The Apple Watch is being used to test confirmed cases of diabetes
Apple continues to prove the Apple Watch is more than just your average wearable. Through a study with Cardiogram and the University of California San Francisco, the Apple Watch has now been shown to detect diabetes with 85 percent accuracy.
The study used heart rate data from 14,000 Apple Watch users, as well as knowledge of whether that individual had diabetes. Thanks to the 2015 Framingham Heart Study, the researchers knew that two data points, resting heart rate and heart rate variability, could very accurately predict cases of diabetes and hypertension.
With that information, Cardiogram was able to develop parameters for detecting the signs of diabetes, and train its deep learning network, DeepHeart, on those parameters. By testing against individuals known to have the disease, DeepHeart was then able to correctly detect diabetes in 462 cases.
Late last year, researchers were also able to use the Apple Watch’s heart rate sensor data and step count to similarly identify both hypertension and sleep apnea. DeepHeart was able to spot hypertension with 82 percent accuracy and sleep apnea with 90 percent accuracy. Its diabetes-detecting abilities, with an 85 percent success rate, fall within that same accuracy range.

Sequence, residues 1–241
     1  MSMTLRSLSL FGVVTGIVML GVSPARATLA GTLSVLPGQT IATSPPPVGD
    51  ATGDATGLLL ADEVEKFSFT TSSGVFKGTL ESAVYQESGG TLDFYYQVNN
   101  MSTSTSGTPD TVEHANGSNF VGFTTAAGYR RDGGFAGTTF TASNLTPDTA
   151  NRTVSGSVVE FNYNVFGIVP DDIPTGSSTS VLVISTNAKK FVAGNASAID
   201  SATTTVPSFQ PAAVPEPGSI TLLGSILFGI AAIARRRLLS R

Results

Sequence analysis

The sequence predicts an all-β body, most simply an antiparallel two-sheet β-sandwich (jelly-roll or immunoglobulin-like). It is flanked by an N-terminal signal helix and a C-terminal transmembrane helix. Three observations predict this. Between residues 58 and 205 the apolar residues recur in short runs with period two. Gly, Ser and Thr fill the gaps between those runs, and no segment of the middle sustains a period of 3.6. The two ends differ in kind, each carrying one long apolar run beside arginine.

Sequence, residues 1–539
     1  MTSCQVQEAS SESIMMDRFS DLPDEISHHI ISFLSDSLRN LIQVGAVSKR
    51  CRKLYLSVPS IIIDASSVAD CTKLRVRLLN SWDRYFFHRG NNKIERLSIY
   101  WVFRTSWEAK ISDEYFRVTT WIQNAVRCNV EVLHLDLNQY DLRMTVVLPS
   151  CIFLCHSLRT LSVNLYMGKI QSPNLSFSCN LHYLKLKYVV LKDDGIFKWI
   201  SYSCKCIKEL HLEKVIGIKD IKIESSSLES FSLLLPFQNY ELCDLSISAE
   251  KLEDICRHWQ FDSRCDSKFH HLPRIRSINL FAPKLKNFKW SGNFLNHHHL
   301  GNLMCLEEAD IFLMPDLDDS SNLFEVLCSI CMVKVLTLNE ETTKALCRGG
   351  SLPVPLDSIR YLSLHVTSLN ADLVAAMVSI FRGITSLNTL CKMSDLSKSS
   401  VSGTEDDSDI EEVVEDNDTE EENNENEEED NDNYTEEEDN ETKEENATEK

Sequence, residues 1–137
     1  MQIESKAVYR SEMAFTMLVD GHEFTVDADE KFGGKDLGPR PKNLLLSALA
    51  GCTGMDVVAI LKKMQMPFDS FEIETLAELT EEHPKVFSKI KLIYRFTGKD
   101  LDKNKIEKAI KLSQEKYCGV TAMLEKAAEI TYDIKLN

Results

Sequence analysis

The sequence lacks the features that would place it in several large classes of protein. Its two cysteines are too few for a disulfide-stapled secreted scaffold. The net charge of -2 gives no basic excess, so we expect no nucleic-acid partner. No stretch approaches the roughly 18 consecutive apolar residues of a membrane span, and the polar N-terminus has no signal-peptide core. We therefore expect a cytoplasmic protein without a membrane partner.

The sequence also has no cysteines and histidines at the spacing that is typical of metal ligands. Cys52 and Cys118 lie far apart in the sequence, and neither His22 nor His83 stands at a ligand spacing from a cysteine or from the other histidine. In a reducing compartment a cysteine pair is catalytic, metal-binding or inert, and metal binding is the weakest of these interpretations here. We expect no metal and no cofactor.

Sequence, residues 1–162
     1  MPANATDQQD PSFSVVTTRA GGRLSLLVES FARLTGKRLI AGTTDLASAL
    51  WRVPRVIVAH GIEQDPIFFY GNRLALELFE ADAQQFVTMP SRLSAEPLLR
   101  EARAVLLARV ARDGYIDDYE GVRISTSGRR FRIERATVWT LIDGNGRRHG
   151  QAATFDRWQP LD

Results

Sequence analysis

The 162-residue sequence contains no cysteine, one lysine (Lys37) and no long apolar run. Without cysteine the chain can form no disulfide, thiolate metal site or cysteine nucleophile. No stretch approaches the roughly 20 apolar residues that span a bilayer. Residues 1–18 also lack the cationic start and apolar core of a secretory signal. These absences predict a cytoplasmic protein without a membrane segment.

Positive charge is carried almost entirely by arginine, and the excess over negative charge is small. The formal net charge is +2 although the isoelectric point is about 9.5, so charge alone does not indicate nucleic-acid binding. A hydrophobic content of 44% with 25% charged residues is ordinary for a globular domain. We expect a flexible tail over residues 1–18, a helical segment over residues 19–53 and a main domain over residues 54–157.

At this point, Cardiogram’s efforts are merely proofs of concept: The company’s founder, Brandon Ballinger, cautions that his team isn’t using an algorithm to detect diabetes (or hypertension or sleep apnea) in the population at large.
More than 100 million Americans have either diabetes or pre-diabetes, according to the CDC. Most of the individuals with diabetes have Type 2 diabetes, a condition that develops over many years, usually after a stage as a pre-diabetic patient. Better awareness of heart health, diet, and exercise—all of which the Apple Watch can help with—could help wearers in that period to improve their lifestyle and either stall or reverse the onset of this disease.
Cardiogram’s work could eventually prove useful in acting as a pre-screen for these kind of conditions. Perhaps a future Apple Watch app could use this data to warn users that their vital stats indicate they may have diabetes or hypertension, and urge them to see a physician for a checkup and diagnosis. While some argue that preventative care efforts like this won’t save money in the long run, it could still help save lives.